According to a study, antidepressants are not as beneficial in treating depression as different types of talk therapy. This study was conducted by international researchers and published in PLOS Medicine.
The results of this study are significant because they demonstrate that patients have options other than potentially dangerous drugs like Paxil or Effexor, which are commonly-prescribed forms of SSRIs. The serious adverse effects linked to using drugs like Paxil and Effexor include violent and suicidal thoughts and behavior and birth defects (PPHN, spina bifida, oral clefts and heart, lung and brain defects); what’s more, the drugs are proving to be no better than placebos in treating the symptoms of severe depression.
The researchers, led by Jürgen Barth from the University of Bern in Switzerland, conducted the study by analyzing data collected from examining 198 published studies that involved more than 15,000 patients that were in receipt of drugs as part of their treatment for depression, as well as behavioral activation, cognitive behavioral therapy, problem solving therapy, psychodynamic therapy, social skills training and supportive counseling. What the researchers found was that all seven therapies worked better at reducing the depression symptoms.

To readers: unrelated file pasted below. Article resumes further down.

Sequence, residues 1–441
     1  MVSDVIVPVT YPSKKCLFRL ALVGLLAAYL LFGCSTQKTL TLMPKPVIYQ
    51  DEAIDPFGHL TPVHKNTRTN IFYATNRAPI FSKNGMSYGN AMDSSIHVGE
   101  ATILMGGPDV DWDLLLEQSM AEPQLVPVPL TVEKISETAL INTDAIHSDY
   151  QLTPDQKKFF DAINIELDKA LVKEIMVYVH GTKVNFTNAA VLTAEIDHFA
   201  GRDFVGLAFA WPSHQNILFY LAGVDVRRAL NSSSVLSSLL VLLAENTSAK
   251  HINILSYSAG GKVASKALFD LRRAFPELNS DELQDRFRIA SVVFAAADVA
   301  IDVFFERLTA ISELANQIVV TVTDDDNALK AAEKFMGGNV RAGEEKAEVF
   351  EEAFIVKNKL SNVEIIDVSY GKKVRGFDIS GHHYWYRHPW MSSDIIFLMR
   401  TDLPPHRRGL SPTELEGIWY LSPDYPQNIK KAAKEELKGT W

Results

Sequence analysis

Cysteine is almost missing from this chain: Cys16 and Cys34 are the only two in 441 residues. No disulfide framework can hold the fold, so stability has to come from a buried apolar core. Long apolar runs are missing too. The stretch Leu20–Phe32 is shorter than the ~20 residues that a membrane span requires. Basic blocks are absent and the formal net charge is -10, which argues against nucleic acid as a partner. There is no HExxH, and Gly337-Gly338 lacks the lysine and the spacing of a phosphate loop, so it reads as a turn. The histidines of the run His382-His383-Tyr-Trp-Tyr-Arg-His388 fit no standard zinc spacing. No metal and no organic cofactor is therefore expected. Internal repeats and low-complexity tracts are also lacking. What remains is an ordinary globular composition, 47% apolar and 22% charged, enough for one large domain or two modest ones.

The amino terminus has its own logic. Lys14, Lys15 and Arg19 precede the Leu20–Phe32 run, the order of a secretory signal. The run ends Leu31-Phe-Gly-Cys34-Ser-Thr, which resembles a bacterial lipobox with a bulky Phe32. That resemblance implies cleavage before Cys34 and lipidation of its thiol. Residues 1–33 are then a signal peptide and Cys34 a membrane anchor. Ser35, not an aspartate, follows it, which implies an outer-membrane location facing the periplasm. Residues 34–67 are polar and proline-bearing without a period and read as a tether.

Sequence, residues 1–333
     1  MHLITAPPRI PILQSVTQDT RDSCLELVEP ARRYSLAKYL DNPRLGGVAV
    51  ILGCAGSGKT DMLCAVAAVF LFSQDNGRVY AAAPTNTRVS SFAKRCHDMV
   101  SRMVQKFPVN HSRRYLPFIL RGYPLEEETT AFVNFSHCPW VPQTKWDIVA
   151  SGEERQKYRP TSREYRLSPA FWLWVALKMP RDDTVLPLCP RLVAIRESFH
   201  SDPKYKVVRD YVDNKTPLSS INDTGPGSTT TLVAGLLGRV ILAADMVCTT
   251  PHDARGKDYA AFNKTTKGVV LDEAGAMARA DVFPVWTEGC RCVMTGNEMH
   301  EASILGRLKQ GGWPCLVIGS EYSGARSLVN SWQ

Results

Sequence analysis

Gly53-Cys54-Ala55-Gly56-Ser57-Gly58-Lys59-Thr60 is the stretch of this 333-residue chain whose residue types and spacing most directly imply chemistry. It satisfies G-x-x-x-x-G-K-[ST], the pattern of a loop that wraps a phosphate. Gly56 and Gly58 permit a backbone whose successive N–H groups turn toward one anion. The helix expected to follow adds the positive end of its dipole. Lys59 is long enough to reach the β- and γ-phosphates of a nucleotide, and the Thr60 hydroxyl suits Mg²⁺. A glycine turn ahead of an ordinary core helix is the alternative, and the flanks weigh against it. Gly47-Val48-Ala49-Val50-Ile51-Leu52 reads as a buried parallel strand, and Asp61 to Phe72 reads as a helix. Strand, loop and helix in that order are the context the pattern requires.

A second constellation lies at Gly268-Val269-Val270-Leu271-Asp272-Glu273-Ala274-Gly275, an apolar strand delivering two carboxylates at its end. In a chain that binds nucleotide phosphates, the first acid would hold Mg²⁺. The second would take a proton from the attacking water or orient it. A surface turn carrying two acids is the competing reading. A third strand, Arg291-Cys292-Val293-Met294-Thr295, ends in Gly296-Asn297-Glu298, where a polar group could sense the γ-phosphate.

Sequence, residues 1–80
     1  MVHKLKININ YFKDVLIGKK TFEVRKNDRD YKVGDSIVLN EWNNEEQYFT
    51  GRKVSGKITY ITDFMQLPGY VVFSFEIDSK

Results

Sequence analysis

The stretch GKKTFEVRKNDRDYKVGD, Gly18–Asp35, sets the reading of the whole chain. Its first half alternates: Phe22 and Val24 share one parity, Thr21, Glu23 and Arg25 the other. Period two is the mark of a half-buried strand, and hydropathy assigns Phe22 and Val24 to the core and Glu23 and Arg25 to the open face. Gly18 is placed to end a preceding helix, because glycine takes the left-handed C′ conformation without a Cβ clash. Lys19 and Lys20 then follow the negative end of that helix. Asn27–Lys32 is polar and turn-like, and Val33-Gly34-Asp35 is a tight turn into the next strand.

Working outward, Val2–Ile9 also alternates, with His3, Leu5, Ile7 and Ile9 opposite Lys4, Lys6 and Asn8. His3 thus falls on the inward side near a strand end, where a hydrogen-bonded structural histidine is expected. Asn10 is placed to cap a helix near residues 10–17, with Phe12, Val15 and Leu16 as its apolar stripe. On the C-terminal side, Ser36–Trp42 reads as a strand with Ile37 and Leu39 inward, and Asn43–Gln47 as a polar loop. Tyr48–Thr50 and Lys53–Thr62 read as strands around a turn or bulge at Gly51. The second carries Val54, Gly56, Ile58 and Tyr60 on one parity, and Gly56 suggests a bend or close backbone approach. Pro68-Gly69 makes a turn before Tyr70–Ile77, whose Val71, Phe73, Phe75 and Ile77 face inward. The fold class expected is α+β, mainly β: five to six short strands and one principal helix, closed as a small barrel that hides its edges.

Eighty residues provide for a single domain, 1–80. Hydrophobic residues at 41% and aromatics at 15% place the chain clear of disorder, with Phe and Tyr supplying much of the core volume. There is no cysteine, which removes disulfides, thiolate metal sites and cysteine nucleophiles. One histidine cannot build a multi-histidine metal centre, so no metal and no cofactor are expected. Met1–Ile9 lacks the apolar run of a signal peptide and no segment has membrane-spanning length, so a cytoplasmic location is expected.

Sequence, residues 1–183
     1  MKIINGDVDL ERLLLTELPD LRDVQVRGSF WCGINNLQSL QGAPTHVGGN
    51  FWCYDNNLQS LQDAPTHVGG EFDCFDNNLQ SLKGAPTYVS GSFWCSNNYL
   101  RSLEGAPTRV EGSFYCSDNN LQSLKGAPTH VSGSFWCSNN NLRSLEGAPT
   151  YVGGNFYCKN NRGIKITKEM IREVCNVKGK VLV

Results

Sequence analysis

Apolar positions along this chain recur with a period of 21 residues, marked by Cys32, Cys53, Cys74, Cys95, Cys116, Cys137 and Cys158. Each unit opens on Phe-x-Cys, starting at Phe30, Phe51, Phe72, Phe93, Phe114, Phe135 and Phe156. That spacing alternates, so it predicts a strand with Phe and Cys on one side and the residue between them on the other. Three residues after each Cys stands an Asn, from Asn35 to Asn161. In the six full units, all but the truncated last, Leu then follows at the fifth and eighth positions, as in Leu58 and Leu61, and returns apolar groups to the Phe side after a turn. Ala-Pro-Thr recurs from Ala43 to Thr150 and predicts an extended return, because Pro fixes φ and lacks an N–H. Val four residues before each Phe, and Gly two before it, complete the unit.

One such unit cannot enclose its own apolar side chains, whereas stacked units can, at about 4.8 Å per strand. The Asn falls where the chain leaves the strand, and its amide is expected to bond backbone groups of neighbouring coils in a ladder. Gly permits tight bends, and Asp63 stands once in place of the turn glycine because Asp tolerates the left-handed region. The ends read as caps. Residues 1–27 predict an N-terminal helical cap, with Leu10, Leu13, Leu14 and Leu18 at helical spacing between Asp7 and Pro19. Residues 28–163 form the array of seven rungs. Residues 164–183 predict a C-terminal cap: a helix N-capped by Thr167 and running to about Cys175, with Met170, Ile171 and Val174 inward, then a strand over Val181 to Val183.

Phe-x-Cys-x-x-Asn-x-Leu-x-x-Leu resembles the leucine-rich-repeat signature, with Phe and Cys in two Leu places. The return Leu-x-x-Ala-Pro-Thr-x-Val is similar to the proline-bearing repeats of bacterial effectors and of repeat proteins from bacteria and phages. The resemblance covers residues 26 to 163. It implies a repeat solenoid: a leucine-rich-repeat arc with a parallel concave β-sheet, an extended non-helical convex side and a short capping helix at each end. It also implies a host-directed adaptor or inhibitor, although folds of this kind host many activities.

“We found evidence that most of the seven psychotherapeutic interventions under investigation have comparable effects on depressive symptoms and achieve moderate to large effects vis-à-vis waitlist,” the authors stated. “All seven psychotherapeutic interventions achieved a small to moderate effect compared to usual care.”
This study just shows that previous studies that compared various forms of talk therapy to the use of drugs like Paxil and Effexor are gaining steam. Hopefully, doctors will start to use the data collected from these studies to stop being so quick to prescribe potentially harmful drugs and start recommending talk therapy first.